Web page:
which considerably more arc-quenching gas and mechanical assistance are required to extinguish the arc.  During fault closure, the gas generated pressures may be fifty times greater than such pressures during loadmake.  With respect to fault closure, the
prior art has relied upon the use of the arc-quenching gas to assist in accelerating the contact elements into engagement, thus minimizing arcing time.


A typical prior art electrical connector includes a bushing well connected to the transformer, a bushing insert which contains a female contact assembly connected to the well, and an elbow connected to a distribution line and containing a male
contact to join an insert female contact in the female contact assembly.  Because closure of the male and female contacts can occur under activated conditions or under fault conditions, the female contact is arranged to move within the insert to hasten
the closure of the male and female contacts and thus extinguish any arc created.  However, it is necessary to maintain electrical continuity during the travel of the female contact assembly.  The connection between such female contact assembly and the
remainder of the bushing insert must be flexible so as not to impede its movement but sufficient to carry the high currents in the circuit.  Typical prior art devices include a female contact which has a piston that is moveable between a first and second
position.  Gas pressure which is generated by arcing during fault closure accelerates the female contact toward the male contact, thus hastening contact engagement and decreasing the time duration of the arc.  Mechanisms for achieving these results have
not always produced sufficient current paths causing the connectors to run hot, and interfering with proper operation of the distribution network and in the extreme, leading to the destruction of the bushing inserts.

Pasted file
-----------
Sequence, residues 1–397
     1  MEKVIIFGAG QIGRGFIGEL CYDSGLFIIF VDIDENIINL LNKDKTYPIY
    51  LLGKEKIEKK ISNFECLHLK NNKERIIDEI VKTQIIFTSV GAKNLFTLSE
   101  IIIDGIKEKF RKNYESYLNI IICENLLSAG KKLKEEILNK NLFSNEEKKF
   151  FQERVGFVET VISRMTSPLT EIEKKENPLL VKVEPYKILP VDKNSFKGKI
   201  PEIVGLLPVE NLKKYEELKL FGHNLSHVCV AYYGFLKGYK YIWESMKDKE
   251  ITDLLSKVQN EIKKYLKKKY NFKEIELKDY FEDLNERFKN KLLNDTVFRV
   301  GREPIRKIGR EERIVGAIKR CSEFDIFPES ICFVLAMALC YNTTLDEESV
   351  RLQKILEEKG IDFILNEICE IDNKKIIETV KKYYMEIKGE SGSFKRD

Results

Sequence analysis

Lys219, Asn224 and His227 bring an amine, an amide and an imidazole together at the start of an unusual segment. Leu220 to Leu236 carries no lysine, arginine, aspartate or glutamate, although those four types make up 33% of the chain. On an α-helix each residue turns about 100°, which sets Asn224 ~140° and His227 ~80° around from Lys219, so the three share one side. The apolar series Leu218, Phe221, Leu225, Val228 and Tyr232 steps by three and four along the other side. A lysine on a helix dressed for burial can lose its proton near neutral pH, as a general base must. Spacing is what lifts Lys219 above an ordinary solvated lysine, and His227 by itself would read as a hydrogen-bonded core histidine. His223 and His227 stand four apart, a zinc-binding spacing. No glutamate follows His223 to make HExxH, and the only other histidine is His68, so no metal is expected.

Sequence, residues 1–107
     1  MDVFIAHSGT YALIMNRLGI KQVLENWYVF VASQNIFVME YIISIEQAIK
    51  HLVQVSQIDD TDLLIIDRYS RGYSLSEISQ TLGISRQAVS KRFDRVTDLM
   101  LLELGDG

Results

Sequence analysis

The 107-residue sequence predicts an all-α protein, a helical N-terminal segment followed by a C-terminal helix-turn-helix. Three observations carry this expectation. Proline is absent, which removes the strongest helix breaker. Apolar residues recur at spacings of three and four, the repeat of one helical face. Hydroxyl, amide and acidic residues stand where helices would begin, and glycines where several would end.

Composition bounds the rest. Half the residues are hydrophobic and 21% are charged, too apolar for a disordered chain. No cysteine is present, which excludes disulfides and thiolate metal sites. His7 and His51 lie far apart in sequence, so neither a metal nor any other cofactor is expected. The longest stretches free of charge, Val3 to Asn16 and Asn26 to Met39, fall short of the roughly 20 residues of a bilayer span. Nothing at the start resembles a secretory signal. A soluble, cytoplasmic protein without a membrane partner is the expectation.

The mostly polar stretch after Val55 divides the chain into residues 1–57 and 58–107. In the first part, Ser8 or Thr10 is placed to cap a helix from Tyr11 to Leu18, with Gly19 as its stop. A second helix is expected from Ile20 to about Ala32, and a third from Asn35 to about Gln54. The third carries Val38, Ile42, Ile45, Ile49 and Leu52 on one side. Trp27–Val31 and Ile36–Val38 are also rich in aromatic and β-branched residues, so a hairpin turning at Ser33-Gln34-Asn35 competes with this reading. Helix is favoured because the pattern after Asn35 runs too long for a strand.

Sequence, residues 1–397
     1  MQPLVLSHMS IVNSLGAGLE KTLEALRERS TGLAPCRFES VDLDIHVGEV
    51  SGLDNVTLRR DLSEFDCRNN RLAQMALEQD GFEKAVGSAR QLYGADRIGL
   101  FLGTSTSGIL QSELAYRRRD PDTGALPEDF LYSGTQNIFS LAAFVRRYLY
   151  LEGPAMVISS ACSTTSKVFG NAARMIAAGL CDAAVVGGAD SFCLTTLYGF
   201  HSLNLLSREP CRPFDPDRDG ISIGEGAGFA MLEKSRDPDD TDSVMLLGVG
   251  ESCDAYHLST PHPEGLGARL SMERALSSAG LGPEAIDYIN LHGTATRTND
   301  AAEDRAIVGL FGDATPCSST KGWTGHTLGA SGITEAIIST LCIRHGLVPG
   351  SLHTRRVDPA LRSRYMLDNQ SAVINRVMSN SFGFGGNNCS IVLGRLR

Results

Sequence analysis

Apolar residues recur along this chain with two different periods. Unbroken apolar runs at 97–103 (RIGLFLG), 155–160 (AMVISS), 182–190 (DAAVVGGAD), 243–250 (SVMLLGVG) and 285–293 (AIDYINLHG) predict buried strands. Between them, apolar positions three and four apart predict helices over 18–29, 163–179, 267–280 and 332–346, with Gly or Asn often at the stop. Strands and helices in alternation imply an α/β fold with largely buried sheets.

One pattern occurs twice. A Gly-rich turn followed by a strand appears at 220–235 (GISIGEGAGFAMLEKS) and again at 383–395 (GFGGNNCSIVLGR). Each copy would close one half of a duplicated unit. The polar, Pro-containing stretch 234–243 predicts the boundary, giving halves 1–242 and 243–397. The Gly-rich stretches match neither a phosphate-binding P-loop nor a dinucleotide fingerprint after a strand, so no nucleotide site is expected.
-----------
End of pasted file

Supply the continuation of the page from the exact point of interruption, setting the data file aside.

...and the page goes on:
SUMMARY OF THE INVENTION


The present invention includes a female electrical connector comprising a conductive housing having a first end adapted to receive a male contact element, a second end adapted to be closed, and an internal wall surface providing an axially
extending opening therebetween.  The connector includes an elongate female contact assembly including a tubular conductive piston mounted on a holder within and in conductive relationship with the housing and axially moveable between a normal or first
position wherein the piston is maximally spaced from the first housing end and a second position.  The piston provides a chamber adjacent the second housing end.  The assembly also includes female contact means for engaging the male contact element
carried by and moveable with and in electrically conductive relationship with the piston.  The female contact assembly is configured to transmit to the chamber arc-quenching gas which is generated when an arc is struck between the male contact element
and the female contact means.  The predetermined value of gas pressure is associated only with fault closure so that the piston is retained by the mechanism in the first position except during fault closure.


The female contact assembly includes frictional and mechanical inhibitors for retaining the piston in the first position until gas pressure in the chamber attains a predetermined value and for releasing the piston to cause the same to move toward
the second position when said pressure exceeds said predetermined value.  The inhibitors include a knurled surface on the piston which engages the holder of the piston; dimples in the holder crimping the holder against members are disposed on the holder
for engaging a stop shoulder on the piston and stops are disposed on the holder for engaging the stop shoulder on the piston.  The wedge members reduce the velocity of the movement of the piston toward the stops on the holder with the stops preventing
farther movement of the piston.


Other objects and advantages of the present invention will appear from the following description. 

BRIEF DESCRIPTION OF THE DRAWINGS.


For a detailed description of a preferred embodiment of the invention, reference will now be made to the accompanying drawings wherein:


FIG. 1 is a longitudinal cross-section view of a male electrical contact connector to be inserted into a female electrical contact connector;


FIG. 2 is an enlarged cross-sectional side elevational view of the female contact connector shown in FIG. 1;


FIG. 3 is an enlarged cross-sectional side elevational view of the female contact assembly of the connector shown in FIG. 2;


FIG. 4 is an enlarged cross-sectional view at plane 4--4 of FIG. 6 illustrating stops;


FIG. 5 is an enlarged view of a portion of FIG. 6 illustrating stops;


FIG. 6 is a cross-sectional side elevational view of the female contact connector of FIG. 2 in the outward, expanded position;


FIG. 7 illustrates an alternative embodiment of the stops shown in FIG. 5;